After our day of contrasts -5 to 22, I listen to where I am but go back three years and the call from your Dad. We go upstairs to tell you and you just say was that the hospital on the phone and you know and we give you some time alone. And now I’m here and the thick unyielding fog is back and although the sun is on my feet and the rush in my ears, none of this is real.
I am not here, this did not happen x
Lying here waiting for the motivation to get up looking at the date and steaming, churning slowly towards tomorrow. It’s daylight out there, from the quiet soft patterns on the ceiling I expect a cloudy, thick wash when I push open the heavy striped curtains. Still back in yesterday and thinking of my time with your Mum and the encroaching fog. And that’s all I feel now. A jellied, gloopy greyness, swirling, lumping, sticking to me changing my outline, slowing me though not enough to stop. I feel her on my arm in the first of the homes. That was August too and the little house we rented opposite the train station which confused and distressed her, before the journey back over Pendle and I sat in the back and stroked her hand. And you burst through the fog now like a lost ship, harrowing, calling it’s memories, it’s stories creaking with the swelling wood. And I swoop up and out of the the whiteness, remembering, feeling, right back there in our life with our son in year two, you in familiar conflict with your brother and the slow un ravelling around your Mum. And I am not here, this is too alien, this is not my world. I am not floating gently to the next place in a life I feel displaced in.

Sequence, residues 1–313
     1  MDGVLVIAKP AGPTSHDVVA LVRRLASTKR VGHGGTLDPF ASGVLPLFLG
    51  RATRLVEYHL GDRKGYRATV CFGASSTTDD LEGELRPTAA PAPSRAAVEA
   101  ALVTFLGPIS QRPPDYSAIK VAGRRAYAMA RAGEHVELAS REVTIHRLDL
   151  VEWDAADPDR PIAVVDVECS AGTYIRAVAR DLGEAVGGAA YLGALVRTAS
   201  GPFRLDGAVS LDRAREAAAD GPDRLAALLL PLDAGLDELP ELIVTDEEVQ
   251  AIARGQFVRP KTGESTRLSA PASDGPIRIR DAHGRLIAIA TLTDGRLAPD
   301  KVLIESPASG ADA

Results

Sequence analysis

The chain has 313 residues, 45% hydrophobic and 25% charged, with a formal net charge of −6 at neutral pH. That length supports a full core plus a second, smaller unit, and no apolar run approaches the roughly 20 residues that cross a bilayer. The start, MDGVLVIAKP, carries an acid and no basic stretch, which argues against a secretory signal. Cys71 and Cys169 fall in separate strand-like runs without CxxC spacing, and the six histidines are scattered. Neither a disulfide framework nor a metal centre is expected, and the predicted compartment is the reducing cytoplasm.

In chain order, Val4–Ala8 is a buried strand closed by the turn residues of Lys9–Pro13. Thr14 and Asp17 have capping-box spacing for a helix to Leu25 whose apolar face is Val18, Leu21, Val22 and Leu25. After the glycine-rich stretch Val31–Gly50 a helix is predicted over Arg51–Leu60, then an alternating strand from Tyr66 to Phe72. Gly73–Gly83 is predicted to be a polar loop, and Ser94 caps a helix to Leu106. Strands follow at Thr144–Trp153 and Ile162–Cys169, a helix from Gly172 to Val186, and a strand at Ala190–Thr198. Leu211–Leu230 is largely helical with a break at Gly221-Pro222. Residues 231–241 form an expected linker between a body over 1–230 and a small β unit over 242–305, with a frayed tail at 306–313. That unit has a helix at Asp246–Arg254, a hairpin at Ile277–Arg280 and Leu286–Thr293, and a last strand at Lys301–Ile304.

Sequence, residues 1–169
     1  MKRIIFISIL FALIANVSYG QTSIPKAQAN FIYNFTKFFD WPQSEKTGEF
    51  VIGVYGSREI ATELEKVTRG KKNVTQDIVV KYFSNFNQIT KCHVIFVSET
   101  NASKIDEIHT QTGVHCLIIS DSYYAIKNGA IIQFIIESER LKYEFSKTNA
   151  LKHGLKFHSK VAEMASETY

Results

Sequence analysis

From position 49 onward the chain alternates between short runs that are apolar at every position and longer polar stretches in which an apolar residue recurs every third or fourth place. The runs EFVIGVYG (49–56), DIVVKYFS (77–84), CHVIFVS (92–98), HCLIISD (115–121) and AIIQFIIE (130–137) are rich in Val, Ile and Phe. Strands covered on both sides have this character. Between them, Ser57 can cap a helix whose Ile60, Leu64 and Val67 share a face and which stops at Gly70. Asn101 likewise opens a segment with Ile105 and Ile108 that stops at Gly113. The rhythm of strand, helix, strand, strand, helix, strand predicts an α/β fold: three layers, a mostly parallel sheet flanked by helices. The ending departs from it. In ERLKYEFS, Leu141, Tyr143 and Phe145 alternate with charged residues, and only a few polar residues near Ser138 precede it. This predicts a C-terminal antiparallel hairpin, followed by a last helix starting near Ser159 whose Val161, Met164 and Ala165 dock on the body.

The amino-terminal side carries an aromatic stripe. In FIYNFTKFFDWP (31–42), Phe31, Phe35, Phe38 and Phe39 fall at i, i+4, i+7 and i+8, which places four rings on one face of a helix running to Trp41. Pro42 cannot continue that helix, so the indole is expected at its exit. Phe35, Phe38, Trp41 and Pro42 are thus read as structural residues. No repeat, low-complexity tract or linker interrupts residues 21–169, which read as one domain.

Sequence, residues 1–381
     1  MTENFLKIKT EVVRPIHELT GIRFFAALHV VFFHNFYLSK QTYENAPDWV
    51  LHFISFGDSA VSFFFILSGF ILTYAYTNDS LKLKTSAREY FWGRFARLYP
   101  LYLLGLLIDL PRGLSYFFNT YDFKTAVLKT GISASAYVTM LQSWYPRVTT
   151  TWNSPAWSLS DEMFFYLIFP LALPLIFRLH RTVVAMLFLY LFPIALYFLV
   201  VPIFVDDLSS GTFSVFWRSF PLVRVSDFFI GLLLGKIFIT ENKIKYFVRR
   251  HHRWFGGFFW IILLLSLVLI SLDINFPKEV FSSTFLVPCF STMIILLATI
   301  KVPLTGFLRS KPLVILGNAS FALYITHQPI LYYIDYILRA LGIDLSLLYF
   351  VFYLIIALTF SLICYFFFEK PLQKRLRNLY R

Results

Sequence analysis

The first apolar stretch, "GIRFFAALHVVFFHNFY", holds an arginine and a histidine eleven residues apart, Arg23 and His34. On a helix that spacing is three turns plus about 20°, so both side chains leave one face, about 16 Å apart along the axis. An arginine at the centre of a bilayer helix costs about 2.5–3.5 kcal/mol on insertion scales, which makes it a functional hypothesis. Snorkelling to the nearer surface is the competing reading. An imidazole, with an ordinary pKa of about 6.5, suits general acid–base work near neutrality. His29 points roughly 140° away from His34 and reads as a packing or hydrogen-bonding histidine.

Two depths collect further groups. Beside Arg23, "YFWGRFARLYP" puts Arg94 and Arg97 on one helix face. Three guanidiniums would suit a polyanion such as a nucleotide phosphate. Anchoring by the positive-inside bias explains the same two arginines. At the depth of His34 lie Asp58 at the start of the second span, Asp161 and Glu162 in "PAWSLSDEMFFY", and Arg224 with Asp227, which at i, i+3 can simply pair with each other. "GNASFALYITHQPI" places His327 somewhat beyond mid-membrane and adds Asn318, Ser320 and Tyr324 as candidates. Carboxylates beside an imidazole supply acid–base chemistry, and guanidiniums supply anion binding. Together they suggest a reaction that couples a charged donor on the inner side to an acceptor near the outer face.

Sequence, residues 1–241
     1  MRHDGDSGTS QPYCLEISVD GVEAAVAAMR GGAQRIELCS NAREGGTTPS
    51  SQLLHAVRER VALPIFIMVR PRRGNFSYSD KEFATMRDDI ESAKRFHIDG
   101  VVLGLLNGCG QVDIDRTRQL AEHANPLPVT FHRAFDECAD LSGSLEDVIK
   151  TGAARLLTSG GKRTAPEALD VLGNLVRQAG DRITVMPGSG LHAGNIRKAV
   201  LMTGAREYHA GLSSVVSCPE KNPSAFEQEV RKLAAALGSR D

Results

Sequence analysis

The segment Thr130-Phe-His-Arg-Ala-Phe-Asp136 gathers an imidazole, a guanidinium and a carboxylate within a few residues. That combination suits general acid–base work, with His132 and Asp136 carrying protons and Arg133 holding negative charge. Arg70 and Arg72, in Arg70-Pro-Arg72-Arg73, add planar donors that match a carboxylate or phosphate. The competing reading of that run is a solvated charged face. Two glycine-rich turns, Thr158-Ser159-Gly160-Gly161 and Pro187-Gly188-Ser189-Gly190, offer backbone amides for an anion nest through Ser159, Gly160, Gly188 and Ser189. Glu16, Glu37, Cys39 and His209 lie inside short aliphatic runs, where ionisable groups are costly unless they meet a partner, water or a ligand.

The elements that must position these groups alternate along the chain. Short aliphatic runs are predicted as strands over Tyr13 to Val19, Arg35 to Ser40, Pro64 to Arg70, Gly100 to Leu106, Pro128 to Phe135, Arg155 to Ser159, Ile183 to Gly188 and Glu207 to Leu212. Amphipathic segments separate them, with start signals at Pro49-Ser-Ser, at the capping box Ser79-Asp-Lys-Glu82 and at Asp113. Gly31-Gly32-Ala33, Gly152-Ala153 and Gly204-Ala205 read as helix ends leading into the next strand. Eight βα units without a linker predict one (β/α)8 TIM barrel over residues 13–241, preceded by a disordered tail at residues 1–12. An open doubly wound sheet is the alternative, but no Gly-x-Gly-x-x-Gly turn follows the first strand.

I need to get up but I’m a collection of pieces. And tomorrow is the 15th.
Sat out the other side of Denmark, smelling the seaweed, too far from home. Nothing works, I can’t deal with people, their carefree consuming irritates me, their happy end of holiday faces replete in too much of everything. I feel flat, I’m uneasy with a bile that builds steadily. The suns round the corner, we are anticipating the edge of a storm. I touched the edge months ago, if anything, more queasiness will be a good fit tonight. I want to be thrown around, tipped down the corridors, bounced of a floor that drops away because that’s just how it is. That’s the instability in my head. I don’t care that it’s the last formal night, I plan to shove down a main course and run, only facing it because our son wants to and we spent some of the early nights having tea in the room. I’ve done necessary avoidance for a while. Right now I’m wondering why I bother, is any of this worth it? Should I do something totally different without these significant triggers? How am I going to get through the remainder now? Sun, white speckled deep green, lulling, soothing, calming but it has much work to do to take away this feeling.